LETTER TO THE EDITOR: Council to decide on millage issue

May 11, 2011


By eliminating nine positions, canceling capital improvements and delaying equipment purchases, we have reduced the projected shortfall to $150,000.  The 2011-12 staff reductions and cuts in projects and purchases will bring this deficit down to zero.

In 2006, the city issued $15 million in Brownfield redevelopment bonds. The money the city borrowed was invested in infrastructure (streets, water and sewer lines, storm sewers), parking and environmental cleanup in the north end of the city.  That value is already working to the benefit of Grand Haven residents.

The Grand Landing project was a planned part of the payback mechanism — new taxes on their new property investment would pay the annual debt service. 

Unfortunately, the mortgage crisis of 2008 caused that investment to be of less value than otherwise anticipated; something no one could have predicted. 

Payments due on bonds will overtake funds available in 2015.  City Council would need to come up with $1 million per year to make the necessary payments if we do nothing.  Further general fund spending cuts will be made; however, our best projections have us coming up short of needed funds in four years.

When north end property is developed, all property tax revenues generated will be used to repay the city’s general fund for any dollars used to pay bonds today.  No funds will be used to reimburse private parties for anything; all funds will be used for bond obligations. 

The question before council is: do we levy a smaller (0.75 mill) tax now (and in ensuing years) or do we wait for 2015 and levy a significant sum (2 mills per year) at that time?

City Council intends to answer this question on May 16. 

— By Pat McGinnis, Grand Haven City Manager



This is what happens when a governmental entity gets into real estate development!

common cents

The question before council is: do we levy a smaller (0.75 mill) tax now (and in ensuing years) or do we wait for 2015 and levy a significant sum (2 mills per year) at that time?

Option Three:
In times of slow economic growth you need to cut back. If you don't have the money to do a project, you don't do it. It may hurt, but it is time to look at deeper and lasting cuts to reach a balanced budget.

Sadly, basic financial skills are lost to the city members.


"In 2006, the city issued $15 million in Brownfield redevelopment bonds" is this the same thing as the S.W.I.S.S. tax hike to pay for new sewer, water infrastructure? What about the water/sewer hikes to pay for new sewer/water lines? What about the 12% pay hike for the next three years for our water/sewer bills to pay for what? Are we replacing everything with solid gold pipes?

"That value is already working to the benefit of Grand Haven residents", exactly how am I benefiting from this? None of my sewer/water lines have been replaced. The Grand Landing development has added more traffic and congestion to our streets. My cost of living has increased significantly from the tax hike and water/sewer hike. I can't afford to water my lawn or garden anymore. The only people I see who benefit from this is the downtown business who now have heated sidewalks during the winter, which bcuz of all the traffic and congestion I avoid. Plus during the summer you can't ride your bikes downtown, so they pretty much lost all of my business anyways.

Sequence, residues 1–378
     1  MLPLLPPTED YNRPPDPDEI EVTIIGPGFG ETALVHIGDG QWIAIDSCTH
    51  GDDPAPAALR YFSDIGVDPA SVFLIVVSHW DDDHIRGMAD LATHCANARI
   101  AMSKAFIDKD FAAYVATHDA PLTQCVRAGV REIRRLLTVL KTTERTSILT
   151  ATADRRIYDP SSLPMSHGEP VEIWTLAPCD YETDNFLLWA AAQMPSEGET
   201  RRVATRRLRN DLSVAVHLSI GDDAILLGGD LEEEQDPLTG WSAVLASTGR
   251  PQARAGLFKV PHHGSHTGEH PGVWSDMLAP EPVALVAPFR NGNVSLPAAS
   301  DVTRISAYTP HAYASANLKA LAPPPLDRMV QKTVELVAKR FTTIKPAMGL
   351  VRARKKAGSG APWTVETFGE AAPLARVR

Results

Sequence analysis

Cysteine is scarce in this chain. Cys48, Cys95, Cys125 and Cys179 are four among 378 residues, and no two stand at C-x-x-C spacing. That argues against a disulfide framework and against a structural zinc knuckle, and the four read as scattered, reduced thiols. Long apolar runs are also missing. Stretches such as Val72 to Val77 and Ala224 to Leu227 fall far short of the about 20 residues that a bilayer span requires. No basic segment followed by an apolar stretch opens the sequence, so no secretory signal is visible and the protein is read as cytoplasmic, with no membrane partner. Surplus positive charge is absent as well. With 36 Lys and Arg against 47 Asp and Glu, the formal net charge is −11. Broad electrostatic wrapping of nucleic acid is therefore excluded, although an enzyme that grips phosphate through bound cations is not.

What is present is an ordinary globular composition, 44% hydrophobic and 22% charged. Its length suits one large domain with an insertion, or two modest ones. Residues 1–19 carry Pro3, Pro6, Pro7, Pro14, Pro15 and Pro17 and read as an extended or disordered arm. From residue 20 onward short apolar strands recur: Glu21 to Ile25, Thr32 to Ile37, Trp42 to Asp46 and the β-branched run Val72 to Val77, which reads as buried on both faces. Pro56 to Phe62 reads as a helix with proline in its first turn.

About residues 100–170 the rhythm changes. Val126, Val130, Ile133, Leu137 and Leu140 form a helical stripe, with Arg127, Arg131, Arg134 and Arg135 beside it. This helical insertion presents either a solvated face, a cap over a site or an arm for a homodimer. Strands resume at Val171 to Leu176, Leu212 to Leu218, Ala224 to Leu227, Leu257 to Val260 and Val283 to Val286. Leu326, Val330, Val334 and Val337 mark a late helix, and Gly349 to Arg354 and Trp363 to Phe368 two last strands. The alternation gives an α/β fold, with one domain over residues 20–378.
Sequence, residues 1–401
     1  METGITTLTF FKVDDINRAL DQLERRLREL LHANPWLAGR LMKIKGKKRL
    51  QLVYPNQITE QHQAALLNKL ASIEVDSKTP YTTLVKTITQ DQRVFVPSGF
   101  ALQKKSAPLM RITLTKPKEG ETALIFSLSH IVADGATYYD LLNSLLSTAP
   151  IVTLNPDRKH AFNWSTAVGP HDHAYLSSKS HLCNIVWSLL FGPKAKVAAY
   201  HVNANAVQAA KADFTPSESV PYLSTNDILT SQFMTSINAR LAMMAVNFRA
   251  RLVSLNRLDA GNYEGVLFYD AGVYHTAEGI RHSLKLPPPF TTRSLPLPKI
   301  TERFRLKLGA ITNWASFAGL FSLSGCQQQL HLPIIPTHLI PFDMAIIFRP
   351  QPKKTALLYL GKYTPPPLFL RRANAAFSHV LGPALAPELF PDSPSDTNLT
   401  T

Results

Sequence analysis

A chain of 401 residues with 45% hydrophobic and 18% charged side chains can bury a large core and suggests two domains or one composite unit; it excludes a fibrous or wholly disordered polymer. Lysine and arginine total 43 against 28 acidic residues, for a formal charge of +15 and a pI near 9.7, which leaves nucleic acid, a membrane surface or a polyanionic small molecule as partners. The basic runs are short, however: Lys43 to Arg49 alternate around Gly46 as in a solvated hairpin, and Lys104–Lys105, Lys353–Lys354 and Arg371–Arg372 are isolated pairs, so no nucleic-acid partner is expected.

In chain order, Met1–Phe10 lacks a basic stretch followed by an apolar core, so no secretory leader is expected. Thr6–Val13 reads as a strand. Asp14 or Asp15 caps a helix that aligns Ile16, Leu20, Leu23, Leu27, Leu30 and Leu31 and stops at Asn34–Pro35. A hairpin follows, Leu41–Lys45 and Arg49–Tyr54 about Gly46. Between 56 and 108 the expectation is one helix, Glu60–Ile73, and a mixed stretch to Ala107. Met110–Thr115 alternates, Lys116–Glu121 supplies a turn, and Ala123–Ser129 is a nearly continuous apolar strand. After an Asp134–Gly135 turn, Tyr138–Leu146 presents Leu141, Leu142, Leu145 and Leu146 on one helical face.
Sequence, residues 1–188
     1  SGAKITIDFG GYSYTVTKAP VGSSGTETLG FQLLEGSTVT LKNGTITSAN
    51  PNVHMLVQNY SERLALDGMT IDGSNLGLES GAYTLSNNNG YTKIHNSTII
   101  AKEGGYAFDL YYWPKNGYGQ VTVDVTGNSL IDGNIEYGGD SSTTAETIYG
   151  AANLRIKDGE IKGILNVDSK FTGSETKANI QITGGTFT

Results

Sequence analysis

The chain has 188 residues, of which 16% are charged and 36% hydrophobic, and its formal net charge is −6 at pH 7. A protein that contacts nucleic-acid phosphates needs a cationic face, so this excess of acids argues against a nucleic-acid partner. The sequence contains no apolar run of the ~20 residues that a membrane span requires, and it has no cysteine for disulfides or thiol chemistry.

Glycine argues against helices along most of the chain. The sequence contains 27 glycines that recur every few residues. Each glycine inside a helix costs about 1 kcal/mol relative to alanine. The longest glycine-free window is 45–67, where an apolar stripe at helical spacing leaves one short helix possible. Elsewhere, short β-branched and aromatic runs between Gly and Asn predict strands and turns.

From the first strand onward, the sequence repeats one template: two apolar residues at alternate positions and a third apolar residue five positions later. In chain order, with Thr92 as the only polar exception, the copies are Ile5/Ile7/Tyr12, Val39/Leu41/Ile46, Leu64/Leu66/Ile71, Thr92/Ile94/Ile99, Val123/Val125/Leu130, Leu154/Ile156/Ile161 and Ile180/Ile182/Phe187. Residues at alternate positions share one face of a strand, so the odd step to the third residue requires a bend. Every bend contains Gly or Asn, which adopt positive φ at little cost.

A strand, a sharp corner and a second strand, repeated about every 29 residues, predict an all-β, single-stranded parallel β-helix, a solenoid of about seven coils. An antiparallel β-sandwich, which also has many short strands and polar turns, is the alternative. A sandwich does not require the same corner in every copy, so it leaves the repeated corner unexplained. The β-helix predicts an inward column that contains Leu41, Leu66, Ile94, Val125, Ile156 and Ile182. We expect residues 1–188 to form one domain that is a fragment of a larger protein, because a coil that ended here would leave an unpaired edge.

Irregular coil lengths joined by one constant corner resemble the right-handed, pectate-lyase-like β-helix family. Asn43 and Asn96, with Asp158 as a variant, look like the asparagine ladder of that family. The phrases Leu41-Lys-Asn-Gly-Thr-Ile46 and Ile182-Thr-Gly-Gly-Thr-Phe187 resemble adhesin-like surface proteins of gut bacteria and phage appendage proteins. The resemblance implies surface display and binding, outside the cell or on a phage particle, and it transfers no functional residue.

I naively thought that maybe my tax would go down or at least stay the same for quite sometime with all of this investment going on to help all the current and future businesses. I thought with all the added traffic and congestion, a trade off would be for my taxes to be lowered with all the new additional tax revenue coming in. Even now if the economy turns around and we start getting lots of tax dollars coming in there is no refund or even canceling of the millage, it will all go into the general fund for the next project we can't afford.

The Mayor has already said he won't run for re-election. Who ever replaces him, I hope their first order of business is to eliminate the City Manager position. I hope the second order of business is to come up with a fiscally responsible budget plan that the citizens of Grand Haven can actually afford.


Being a transplant to this city for 1 1/2 yrs., I don't profess to know everything about it. Maybe that 's a good thing, as an outside opinion can often be helpful. My question would be: Why is there such a large police presence (state,sheriff,local) in a city that has such a small crime rate...according to it's residents. I see an unbelievable amount of traffic $top$, and wonder when enough is enough. Also, It seems to me, that though the state park is not "officially" Grand Haven's responsibility, they surely benefit the most from the revenue it generates. It might be a thought to hire a lifeguard, as I don't see as much priority on lifesaving in the lake, on the pier, as law enforcement does on traffic stops. I guess I can say I am not impressed seeing and hearing cops in larger cities putting their lives on the line, while the only thing I really see here are cops getting $100 a pop for GH. I have also noticed talk of the tourists being nothing but a problem. Might need to rethink that mentality..., or not. Hey, maybe we should just send that money to Holland or Hoffmaster.


The real estate development of Grand Landing should of never landed in the laps of the tax payers. this is unacceptably poor planning and more had better be cut from the cities budget to pay for it, not a rise in taxes. I am not benefiting from the water/sewer increase, the Grand Landing mess, or the snow melt as a citizen of the city.... not one benefit, just increased taxes. Thanks for nothing. I cannot wait to see some changes with the next elections.


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